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Publication #Circular1409

Water Table Measurement and Monitoring for Flatwoods Citrus1

Brian Boman and Thomas Obreza2

Introduction

Most flatwoods citrus soils have a restrictive layer that can perch the water table and significantly affect tree water relations. To avoid off-site movement of nutrients, unnecessary pumping for irrigation or drainage, and to optimize production and tree health, the level of this water table should be monitored and maintained within an optimal zone.

There is a wide range in the cost of the many methods that have been used to measure water table levels. The cost of monitoring devices is directly related to the frequency with which measurements are taken and to the accuracy required. Methods range from a ruler used to measure water depth in an observation well to electronic sensors attached to data loggers. Although growers often would like detailed information on water table levels, simple and practical observation wells can normally produce adequate information. The costs associated with installation, operation, and maintenance of precision recording equipment is frequently too great to make such devices practical.

Water Table Behavior

Most Florida flatwoods soils are poorly-drained because of low elevation, flat landscape, and the restrictive layer that normally exists below the root zone. Consequently, flatwoods citrus is planted on raised soil beds in order to create an unsaturated soil volume for root growth and development. Therefore, the first goal of water table management is to promote drainage of excess water and avoid saturated water conditions in the root zone.

A high water table can exist close enough to the root zone to have a direct influence on the vigor and productivity of citrus trees when planted on raised beds. Rainfall and irrigation can quickly raise the water table, while slope, topographical elevation, depth to the restrictive layer, and the ability of the artificial drainage system to remove water influence how quickly the water table declines.

Although improper water table management can result in a high water table that is detrimental to tree health, a properly managed water table can provide a significant portion of the tree's water needs through upflux from a water table below the root zone. Managing the water table properly will enhance tree growth and production and is usually cost effective.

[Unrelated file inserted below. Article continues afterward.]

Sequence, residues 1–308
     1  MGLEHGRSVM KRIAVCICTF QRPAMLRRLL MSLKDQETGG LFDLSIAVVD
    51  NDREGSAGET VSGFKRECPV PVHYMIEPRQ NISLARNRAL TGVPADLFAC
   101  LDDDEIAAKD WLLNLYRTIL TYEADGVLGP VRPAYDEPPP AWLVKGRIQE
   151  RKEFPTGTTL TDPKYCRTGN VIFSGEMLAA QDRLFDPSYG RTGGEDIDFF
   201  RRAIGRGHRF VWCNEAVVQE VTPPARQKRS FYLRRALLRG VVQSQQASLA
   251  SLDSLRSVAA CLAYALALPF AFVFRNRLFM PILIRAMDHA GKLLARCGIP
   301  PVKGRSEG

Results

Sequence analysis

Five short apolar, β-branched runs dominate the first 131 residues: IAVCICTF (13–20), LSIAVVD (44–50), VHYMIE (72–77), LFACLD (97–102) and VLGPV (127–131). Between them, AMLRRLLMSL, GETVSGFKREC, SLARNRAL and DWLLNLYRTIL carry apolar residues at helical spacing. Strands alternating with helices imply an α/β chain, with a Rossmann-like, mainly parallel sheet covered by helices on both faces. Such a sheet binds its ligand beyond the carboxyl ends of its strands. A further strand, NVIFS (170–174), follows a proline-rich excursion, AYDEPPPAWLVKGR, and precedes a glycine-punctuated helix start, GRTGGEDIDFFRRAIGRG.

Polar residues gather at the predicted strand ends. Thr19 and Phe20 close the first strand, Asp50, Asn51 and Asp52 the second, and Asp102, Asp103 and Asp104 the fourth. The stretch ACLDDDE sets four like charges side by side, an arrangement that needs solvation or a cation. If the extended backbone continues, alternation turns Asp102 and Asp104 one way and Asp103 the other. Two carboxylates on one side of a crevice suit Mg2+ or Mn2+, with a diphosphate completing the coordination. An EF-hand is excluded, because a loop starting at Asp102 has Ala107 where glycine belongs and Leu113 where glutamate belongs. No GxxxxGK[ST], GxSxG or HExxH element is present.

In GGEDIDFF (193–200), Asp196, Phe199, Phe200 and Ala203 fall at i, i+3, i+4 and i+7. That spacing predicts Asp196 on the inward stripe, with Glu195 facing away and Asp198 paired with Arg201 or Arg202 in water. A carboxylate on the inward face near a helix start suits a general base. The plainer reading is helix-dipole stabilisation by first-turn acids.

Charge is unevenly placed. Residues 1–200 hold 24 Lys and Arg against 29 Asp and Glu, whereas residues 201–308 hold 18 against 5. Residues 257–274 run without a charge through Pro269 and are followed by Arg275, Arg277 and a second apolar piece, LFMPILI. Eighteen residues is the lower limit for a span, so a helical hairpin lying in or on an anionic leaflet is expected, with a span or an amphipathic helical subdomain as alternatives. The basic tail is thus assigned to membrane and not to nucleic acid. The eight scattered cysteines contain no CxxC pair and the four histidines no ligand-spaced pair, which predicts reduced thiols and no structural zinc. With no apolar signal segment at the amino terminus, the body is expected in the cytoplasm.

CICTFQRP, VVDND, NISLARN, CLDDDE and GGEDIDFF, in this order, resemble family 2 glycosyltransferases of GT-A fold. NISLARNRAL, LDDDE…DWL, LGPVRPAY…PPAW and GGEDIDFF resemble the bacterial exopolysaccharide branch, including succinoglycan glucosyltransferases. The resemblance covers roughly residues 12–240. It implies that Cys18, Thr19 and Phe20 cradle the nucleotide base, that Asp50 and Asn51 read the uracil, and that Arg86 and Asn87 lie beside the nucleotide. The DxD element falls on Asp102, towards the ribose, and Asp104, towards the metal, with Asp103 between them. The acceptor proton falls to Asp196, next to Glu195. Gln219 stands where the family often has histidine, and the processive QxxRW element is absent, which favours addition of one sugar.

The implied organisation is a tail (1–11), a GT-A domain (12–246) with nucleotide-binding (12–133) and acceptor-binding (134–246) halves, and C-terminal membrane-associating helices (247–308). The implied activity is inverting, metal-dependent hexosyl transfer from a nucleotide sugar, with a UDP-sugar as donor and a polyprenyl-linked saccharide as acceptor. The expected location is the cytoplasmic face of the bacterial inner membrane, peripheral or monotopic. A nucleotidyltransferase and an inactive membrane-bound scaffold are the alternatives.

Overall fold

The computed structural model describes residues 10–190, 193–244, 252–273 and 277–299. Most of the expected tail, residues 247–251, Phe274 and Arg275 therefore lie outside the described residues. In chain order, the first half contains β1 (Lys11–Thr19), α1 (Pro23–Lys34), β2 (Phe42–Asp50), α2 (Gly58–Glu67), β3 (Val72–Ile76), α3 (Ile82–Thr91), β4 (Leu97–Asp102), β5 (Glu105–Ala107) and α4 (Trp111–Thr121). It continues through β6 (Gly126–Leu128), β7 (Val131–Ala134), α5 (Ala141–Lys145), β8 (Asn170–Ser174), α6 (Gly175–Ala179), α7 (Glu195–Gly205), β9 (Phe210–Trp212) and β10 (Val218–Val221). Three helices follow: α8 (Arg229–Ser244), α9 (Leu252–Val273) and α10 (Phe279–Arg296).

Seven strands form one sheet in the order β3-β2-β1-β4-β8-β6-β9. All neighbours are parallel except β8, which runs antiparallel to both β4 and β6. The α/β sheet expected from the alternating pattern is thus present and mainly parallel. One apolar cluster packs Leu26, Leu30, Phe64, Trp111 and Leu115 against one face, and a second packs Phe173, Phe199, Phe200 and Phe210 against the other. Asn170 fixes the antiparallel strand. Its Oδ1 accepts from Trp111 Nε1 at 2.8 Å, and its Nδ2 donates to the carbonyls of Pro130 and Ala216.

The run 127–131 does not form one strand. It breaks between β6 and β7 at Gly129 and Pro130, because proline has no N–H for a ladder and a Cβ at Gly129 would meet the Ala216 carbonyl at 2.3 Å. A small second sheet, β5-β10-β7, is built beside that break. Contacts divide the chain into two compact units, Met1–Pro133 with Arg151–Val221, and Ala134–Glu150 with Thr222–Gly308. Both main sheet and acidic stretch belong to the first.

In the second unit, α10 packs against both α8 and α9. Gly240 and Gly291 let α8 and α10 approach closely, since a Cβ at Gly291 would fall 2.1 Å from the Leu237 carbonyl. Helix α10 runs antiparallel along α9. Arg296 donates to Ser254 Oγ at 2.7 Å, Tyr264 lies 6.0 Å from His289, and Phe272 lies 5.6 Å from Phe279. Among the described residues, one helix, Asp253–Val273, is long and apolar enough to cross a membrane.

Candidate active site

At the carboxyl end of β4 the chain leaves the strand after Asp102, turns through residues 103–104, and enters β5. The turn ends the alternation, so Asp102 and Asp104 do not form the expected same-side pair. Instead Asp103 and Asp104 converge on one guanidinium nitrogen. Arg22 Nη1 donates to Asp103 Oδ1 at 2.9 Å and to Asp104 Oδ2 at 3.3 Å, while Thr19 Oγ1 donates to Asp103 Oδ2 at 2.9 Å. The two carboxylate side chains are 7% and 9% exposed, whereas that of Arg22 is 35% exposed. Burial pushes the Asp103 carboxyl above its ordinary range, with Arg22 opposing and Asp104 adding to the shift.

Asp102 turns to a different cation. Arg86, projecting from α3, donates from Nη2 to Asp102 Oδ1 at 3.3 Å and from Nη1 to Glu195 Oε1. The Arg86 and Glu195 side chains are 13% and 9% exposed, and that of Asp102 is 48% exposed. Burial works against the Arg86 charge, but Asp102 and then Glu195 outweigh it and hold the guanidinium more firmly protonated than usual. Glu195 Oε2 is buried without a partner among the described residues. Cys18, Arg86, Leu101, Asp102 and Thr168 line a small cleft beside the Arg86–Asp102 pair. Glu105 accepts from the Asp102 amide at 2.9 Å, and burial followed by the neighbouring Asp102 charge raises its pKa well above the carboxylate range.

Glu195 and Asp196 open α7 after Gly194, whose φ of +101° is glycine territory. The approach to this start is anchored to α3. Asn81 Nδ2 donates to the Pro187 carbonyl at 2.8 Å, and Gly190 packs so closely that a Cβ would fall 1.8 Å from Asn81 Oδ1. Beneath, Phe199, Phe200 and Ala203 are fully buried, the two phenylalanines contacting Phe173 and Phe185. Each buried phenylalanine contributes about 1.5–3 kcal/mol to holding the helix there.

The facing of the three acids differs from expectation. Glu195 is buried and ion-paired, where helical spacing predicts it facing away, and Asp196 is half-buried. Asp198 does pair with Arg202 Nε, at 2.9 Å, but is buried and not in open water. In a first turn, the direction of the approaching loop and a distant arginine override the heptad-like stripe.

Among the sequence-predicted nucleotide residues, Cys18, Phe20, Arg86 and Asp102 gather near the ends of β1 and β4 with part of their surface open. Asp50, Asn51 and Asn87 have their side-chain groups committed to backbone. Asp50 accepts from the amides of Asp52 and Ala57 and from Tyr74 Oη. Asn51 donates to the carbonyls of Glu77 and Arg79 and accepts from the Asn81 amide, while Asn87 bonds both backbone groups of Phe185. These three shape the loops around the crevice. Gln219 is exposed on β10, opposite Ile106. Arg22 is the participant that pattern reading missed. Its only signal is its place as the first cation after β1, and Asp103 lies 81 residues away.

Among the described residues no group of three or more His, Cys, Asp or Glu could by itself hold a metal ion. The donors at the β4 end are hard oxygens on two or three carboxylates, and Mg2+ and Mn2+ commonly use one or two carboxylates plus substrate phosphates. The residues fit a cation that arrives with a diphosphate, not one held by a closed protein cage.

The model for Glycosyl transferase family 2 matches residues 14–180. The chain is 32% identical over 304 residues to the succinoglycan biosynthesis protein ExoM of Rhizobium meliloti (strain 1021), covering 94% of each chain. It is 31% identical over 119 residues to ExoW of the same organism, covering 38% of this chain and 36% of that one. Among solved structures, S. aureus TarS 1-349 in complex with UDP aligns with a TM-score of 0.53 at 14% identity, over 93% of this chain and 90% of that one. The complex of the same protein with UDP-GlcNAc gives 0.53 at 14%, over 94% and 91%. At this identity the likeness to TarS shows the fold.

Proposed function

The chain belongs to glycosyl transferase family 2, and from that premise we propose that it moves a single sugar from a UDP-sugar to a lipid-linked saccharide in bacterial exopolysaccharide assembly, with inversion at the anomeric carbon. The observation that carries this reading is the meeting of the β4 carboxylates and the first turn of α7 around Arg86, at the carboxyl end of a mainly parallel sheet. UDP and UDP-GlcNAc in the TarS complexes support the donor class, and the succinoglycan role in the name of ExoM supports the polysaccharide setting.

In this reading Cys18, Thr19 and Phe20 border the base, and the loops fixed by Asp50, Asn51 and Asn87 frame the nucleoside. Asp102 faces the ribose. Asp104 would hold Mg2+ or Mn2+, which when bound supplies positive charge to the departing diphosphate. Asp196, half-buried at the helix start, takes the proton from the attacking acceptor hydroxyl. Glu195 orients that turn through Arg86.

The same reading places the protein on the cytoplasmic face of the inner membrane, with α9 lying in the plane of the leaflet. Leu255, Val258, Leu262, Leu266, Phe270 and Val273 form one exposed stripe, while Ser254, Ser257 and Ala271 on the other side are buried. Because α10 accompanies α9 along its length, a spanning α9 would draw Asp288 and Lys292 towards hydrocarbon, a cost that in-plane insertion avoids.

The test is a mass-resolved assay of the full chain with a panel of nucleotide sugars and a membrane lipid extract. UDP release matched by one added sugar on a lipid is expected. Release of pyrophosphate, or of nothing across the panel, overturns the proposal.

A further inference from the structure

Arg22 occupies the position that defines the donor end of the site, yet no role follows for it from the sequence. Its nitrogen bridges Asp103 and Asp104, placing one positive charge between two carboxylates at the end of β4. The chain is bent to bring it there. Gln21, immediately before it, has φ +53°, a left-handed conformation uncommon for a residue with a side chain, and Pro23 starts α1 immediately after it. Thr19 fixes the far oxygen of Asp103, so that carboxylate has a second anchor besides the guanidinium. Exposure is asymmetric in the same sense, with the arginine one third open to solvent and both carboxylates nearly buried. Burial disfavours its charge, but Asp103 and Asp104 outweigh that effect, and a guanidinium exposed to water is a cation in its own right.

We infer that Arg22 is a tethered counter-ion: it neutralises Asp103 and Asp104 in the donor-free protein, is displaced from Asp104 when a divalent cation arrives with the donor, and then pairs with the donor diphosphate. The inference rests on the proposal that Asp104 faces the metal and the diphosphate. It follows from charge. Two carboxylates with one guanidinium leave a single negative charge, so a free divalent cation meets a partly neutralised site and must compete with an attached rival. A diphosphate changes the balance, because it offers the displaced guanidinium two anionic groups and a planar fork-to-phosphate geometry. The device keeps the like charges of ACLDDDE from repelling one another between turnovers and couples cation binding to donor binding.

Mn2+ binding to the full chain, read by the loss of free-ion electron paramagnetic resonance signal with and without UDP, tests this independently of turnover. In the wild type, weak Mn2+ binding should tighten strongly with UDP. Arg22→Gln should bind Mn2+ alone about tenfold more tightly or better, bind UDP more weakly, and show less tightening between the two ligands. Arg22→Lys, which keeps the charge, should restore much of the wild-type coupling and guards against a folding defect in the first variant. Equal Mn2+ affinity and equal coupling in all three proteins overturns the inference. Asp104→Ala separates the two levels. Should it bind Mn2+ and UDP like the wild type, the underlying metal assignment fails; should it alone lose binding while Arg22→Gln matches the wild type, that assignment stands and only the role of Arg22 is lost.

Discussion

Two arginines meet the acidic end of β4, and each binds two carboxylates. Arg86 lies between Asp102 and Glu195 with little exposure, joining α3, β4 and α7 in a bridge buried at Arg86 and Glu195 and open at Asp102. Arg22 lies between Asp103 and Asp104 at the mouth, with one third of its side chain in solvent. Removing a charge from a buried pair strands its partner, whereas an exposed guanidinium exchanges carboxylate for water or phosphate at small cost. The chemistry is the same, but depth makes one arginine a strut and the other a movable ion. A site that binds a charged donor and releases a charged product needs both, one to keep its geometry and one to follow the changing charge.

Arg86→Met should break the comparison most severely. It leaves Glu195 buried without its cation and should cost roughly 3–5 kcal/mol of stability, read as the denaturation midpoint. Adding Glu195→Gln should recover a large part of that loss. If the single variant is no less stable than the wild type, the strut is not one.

Flatwoods citrus groves are normally planted with one to four rows per bed. Since the beds are crowned to aid surface water drainage to water furrows, bed configuration can influence water table behavior beneath individual rows. With single and double-row beds, the tree rows are usually at the same elevation above the bottom of the water furrows, so the resident water table depth is about the same beneath each tree. However, the center row or rows on 3- or 4-row beds are higher above the water furrow than the edge rows (Fig. 1), so there can be a greater vertical distance between the water table and the root zone under the middle rows. A difference of even a few inches in tree row elevation can cause a large difference in the root zone water regime, which can affect long-term tree growth and productivity. Water table depth differences between the middle and edge rows on 3 or 4-row beds typically differ by 4 to 6 inches throughout the year (Fig. 2).

Figure 1. 

Examples of multi-row bed configurations in flatwoods citrus. Numbers indicate the vertical distance in feet above the water furrow.


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Figure 2. 

Water table fluctuations in response to seepage irrigation (i) and rainfall (r) under a 4-row citrus bed.


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The water table under flatwoods citrus may rise rapidly in response to either rainfall or irrigation because sandy soils are highly conductive to water flow (Fig. 3 and Fig. 4). A general rule of thumb is that 1 inch of rain will cause the water table to rise about 10 inches in fine textured soils, 6 inches in most of the flatwoods sandy soils, and 4 inches in coarse sands. It may take 4 to 6 days for the water table to return to its desired levels following rains of 1 inch or more.

Figure 3. 

Example of water table depth response to extended periods of drip irrigation in bedded flatwoods citrus.


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Figure 4. 

Example of water table depth response to rainfall in bedded flatwoods citrus.


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Because of high porosity and high hydraulic conductivity in sandy flatwoods soils, it is possible for drip irrigation to raise the water table under a citrus bed if the irrigation system is run for a long time (Fig. 5). Lateral water movement outward from a drip emitter may be only 6 to 8 inches, thus much of the applied water moves downward in a small cylindrical wetted pattern. It may not take long for water to reach the free water surface of the water table and thereby cause the water table to rise. Even though the magnitude of rise may not be as great as with flood (seepage) irrigation, it is measurable with a simple water table observation well.

Figure 5.